This was the subject under discussion at an event looking at the media coverage of the 2016 campaign co-hosted by USC Annenberg and TIME Sunday morning in Manchester, N.H. and moderated by TIME managing editor Nancy Gibbs.
“I think a lot of us were snobs about it,” said Chuck Todd, moderator of NBC’s ‘Meet the Press’, noting he didn’t have Trump on his show for the first two-and-a-half months the billionaire tycoon led in the polls. “And we were wrong about it. The story is not about Trump. The story is about the electorate that he tapped into.”
The panelists also agreed that the 2016 election has upended much of the conventional wisdom about campaigns in Washington. For example, time was when a candidate like former Florida Gov. Jeb Bush bought $70 million in paid advertising, that would have a tectonic result. But this campaign season it has had relatively little impact, with most of the attention going to earned media as Trump upended news cycle after news cycle with his braggadocio.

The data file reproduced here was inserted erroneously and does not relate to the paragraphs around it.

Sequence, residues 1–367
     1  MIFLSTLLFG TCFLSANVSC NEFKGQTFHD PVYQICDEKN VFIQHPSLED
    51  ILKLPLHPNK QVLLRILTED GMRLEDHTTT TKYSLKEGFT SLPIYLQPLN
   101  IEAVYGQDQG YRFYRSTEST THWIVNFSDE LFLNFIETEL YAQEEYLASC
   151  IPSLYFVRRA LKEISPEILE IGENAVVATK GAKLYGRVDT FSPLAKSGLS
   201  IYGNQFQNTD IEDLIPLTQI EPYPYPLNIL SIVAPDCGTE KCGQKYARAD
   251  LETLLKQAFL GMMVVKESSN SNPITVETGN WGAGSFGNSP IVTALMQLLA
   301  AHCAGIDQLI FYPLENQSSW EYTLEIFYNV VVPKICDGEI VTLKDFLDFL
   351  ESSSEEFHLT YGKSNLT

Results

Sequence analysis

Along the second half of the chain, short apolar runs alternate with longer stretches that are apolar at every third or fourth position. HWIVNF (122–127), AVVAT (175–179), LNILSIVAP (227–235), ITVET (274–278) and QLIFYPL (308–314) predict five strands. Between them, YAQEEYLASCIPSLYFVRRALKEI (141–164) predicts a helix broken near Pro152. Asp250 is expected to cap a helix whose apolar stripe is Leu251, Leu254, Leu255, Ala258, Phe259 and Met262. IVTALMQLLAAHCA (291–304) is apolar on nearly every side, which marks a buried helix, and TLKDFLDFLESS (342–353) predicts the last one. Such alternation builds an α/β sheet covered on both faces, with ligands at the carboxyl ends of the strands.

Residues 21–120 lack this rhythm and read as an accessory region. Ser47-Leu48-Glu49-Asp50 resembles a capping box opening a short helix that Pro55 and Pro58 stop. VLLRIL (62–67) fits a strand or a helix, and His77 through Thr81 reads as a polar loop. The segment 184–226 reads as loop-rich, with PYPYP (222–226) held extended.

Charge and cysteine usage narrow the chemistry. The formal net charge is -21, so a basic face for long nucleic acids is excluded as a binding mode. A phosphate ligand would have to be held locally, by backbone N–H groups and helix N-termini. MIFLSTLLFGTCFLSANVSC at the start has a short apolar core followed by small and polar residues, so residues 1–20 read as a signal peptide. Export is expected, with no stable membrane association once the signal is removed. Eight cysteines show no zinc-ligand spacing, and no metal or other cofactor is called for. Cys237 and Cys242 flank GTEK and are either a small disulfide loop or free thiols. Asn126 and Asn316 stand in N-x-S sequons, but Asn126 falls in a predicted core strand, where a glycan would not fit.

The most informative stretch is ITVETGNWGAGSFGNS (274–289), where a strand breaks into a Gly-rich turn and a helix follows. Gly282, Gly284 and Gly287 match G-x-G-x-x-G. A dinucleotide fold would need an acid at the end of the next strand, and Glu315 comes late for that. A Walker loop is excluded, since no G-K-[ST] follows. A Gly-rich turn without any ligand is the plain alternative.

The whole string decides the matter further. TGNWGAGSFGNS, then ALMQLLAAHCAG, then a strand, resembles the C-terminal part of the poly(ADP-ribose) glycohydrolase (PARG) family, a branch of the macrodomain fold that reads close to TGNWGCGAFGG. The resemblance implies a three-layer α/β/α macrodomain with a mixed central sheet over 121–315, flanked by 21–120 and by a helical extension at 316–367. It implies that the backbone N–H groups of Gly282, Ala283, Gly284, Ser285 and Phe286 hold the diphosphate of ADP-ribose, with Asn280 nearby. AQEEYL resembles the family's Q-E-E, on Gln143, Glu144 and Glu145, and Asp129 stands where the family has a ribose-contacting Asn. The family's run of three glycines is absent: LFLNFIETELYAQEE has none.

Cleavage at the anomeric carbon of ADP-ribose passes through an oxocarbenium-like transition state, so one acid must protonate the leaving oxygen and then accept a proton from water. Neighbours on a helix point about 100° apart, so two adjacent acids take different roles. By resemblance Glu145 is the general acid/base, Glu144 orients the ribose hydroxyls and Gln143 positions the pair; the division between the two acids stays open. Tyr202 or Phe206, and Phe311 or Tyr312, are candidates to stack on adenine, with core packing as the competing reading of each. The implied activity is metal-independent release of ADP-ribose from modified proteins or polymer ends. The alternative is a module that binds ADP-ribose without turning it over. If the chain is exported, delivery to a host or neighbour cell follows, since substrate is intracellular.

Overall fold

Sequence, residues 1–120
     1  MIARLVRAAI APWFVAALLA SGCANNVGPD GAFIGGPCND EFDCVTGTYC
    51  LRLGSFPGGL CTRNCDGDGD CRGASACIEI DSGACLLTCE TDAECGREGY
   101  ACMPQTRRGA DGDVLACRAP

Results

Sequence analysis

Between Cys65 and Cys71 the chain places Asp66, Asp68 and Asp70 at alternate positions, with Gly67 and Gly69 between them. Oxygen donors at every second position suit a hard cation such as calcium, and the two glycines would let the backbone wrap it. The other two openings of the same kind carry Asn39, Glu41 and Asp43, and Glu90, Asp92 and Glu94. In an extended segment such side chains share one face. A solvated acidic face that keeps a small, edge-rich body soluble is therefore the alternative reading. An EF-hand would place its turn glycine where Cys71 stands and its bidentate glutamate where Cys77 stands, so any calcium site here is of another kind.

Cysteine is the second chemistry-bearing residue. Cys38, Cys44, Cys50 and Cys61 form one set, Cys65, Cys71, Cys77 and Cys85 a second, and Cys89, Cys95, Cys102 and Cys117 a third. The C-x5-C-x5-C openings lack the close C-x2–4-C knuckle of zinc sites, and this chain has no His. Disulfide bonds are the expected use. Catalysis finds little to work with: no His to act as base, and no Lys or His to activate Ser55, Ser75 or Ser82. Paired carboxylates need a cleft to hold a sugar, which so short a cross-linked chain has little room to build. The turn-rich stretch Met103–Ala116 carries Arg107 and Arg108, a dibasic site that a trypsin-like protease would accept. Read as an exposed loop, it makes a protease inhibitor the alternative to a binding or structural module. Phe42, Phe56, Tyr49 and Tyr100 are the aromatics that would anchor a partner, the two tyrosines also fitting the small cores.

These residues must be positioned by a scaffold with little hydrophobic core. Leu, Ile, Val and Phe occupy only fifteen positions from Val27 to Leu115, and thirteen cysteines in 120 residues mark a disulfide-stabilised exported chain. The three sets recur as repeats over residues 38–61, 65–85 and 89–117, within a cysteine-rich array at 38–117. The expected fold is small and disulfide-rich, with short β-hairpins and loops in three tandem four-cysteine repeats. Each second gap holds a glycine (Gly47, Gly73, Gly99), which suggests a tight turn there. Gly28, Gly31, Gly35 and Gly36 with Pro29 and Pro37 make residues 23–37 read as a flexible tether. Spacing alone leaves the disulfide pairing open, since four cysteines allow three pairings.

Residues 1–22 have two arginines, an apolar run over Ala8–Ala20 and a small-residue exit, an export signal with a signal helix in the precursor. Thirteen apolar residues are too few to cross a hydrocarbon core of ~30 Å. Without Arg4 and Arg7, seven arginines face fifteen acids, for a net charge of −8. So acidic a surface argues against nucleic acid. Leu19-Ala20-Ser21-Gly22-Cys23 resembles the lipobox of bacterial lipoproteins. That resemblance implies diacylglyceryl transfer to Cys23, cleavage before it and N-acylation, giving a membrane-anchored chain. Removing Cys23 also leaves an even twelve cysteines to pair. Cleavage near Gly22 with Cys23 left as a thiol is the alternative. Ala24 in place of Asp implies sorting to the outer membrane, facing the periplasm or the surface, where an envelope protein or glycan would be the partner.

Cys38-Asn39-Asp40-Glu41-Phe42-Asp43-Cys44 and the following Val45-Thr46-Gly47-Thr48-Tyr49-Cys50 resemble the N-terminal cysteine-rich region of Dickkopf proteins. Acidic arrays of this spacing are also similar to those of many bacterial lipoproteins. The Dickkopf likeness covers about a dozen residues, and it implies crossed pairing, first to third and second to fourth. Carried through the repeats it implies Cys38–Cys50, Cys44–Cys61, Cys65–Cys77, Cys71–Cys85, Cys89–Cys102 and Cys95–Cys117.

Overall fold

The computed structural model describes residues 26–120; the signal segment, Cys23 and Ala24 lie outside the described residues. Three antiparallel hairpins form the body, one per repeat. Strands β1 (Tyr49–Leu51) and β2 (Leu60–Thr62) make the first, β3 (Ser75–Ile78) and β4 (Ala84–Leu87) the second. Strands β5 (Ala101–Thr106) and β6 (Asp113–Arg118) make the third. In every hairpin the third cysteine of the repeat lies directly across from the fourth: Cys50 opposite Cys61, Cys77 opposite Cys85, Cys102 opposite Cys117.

On Hillary Clinton, Newton-Small talked about how she’s been challenged to show passion in the same was rival Bernie Sanders does at campaign events. “When Hillary screams, she gets called shrill by people like Bob Woodward on ‘Morning Joe,'” said Newton-Small, author of the new book,
When asked why Clinton wasn’t appealing to younger women, Newton-Small said: “Bernie is like getting swept off your feet on the first date. Clinton is like going out with an actuary who is planning your mortgage payments and retirement funds over dinner. He’s all dreams; she’s all pragmatism.”